Scheduled to teach:
David Calicchio (david-calicchio.squarespace.com) is a photographer living and working in Southern California specializing in fashion. A graduate of Otis College of Art and Design, his work has been published nationally and internationally. David was the lead photographer for BCBG Max Azria Group and then at bebe Stores Inc. He is currently Photo Studio Manager at Hot Topic Inc. He oversees the photography for Hot Topic, Torrid, and Black Heart Lingerie. In addition to his commercial work, David enjoys giving back what he has learned by teaching lighting and digital photography classes at his Alma Mater.
David Calicchio Portfolio
Julia Dean Interviews David Calicchio
LACP Founder and Executive Director Julia Dean asks David Calicchio ten questions about his background, career in and beliefs about photography.
Julia Dean: What kind of photographer are you?
David Calicchio: Fashion Photographer.
JD: How long have you been shooting?
DC: Fifteen Years.
JD: Where did you get your training?
DC: I studied Fine Art photography at Otis College of Art and Design and then learned on set by shooting product photography that lead to fashion photography.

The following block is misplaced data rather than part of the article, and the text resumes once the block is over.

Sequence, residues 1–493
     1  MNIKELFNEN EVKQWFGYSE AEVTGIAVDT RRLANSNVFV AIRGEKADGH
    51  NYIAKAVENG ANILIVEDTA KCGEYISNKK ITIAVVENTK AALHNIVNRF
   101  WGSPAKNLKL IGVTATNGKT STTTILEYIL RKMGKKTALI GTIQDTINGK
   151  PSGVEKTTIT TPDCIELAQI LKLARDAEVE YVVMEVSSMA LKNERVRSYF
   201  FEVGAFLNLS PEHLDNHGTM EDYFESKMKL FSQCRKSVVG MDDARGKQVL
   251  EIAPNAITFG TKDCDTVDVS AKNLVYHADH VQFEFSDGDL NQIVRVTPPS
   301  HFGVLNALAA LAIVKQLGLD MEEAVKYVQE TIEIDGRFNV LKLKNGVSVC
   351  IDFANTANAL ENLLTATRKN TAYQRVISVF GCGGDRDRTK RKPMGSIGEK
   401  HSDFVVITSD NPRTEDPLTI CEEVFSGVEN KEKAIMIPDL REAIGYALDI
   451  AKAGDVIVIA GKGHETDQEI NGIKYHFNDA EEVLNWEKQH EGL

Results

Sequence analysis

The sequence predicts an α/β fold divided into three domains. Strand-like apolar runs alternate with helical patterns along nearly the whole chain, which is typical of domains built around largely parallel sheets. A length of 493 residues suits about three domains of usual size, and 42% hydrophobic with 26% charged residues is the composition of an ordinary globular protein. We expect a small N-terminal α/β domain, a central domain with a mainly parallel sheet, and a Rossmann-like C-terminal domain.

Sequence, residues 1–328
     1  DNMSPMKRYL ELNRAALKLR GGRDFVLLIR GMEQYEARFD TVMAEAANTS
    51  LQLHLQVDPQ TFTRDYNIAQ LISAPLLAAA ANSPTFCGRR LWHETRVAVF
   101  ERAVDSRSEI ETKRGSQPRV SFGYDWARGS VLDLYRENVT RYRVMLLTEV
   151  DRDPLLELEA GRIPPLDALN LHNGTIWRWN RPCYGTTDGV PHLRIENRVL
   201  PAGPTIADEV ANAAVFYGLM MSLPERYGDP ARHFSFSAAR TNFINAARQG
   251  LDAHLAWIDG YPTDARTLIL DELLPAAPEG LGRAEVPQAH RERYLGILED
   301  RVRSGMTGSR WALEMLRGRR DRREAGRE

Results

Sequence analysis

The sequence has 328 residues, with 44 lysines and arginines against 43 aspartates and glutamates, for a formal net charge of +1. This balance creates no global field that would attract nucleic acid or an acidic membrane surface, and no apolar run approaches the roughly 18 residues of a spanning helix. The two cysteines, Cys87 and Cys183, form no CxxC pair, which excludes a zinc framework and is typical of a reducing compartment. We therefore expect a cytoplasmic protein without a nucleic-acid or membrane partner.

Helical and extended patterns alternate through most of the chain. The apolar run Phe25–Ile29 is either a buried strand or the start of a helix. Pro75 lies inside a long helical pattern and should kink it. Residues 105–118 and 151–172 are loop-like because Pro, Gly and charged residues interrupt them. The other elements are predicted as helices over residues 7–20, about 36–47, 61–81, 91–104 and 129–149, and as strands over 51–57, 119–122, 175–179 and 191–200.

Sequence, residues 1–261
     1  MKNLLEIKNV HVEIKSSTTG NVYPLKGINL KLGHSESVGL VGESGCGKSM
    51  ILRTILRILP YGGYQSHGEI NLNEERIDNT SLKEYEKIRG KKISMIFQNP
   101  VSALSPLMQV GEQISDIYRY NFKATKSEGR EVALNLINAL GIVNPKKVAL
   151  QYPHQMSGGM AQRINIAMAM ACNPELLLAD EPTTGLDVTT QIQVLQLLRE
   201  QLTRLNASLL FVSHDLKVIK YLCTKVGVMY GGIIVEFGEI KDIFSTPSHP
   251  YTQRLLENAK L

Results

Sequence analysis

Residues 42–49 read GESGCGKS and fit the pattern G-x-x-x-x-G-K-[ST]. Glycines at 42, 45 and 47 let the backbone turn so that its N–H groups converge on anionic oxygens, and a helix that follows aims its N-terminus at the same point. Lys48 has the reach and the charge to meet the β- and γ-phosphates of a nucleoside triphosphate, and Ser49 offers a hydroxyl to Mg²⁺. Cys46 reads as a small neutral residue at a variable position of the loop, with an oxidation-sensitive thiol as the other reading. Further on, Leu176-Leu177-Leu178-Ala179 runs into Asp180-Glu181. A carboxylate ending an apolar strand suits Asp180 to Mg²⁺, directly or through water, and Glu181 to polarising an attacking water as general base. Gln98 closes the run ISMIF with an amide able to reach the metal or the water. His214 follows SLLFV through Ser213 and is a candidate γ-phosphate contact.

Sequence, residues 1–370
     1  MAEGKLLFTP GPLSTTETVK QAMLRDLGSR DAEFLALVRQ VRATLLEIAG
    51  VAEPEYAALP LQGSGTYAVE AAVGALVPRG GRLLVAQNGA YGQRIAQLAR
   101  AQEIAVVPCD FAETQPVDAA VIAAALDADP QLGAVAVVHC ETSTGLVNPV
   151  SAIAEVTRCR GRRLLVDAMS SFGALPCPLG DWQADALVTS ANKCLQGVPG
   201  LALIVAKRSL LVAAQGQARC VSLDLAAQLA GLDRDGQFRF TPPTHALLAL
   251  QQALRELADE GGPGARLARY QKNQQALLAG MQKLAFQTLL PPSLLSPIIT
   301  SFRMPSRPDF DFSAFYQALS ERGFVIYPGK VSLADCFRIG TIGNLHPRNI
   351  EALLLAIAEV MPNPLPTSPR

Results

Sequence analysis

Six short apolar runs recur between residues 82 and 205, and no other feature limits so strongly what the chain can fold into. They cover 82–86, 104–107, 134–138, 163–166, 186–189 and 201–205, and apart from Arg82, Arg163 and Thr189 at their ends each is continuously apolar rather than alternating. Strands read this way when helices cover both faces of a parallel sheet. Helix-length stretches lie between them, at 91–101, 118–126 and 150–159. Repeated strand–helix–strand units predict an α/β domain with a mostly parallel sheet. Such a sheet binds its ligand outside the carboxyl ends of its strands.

JD: When did you know you wanted to devote your life to photography?
DC: I might have been 19 when I took my first photo class. I knew then I had to put down my brush and pick up a camera.
JD: Did you ever come close to giving up?
DC: Of course. Everytime the economy burst, 2001, 2006 I thought about changing my direction. I came close to becoming an Mac IT guy and a retoucher, but my network came through each time and helped me weather the storms.
JD: Have you sacrificed anything by being a photographer?
DC: Besides financial security?
JD: What have you gained by being a photographer?
DC: Too much to list here, but in the simplest terms I learned to problem solve my way out of almost any situation.
JD: What classes do you teach at LACP?
DC: Fashion photography.
JD: What do you love most about teaching?
DC: I learn just as much as my students do and it helps me see the world in new ways with every class. It pushes me to stay on top of the changing world of image-making and at the same time helps me grow interpersonally.
JD: What advice would you give someone who is thinking about making a career in photography?
DC: Build your network. Don?t be discouraged that your career is taking a while to build. A solid foundation of working well with others weathers all kinds of financial storms, while gaining success too fast can be self destructive.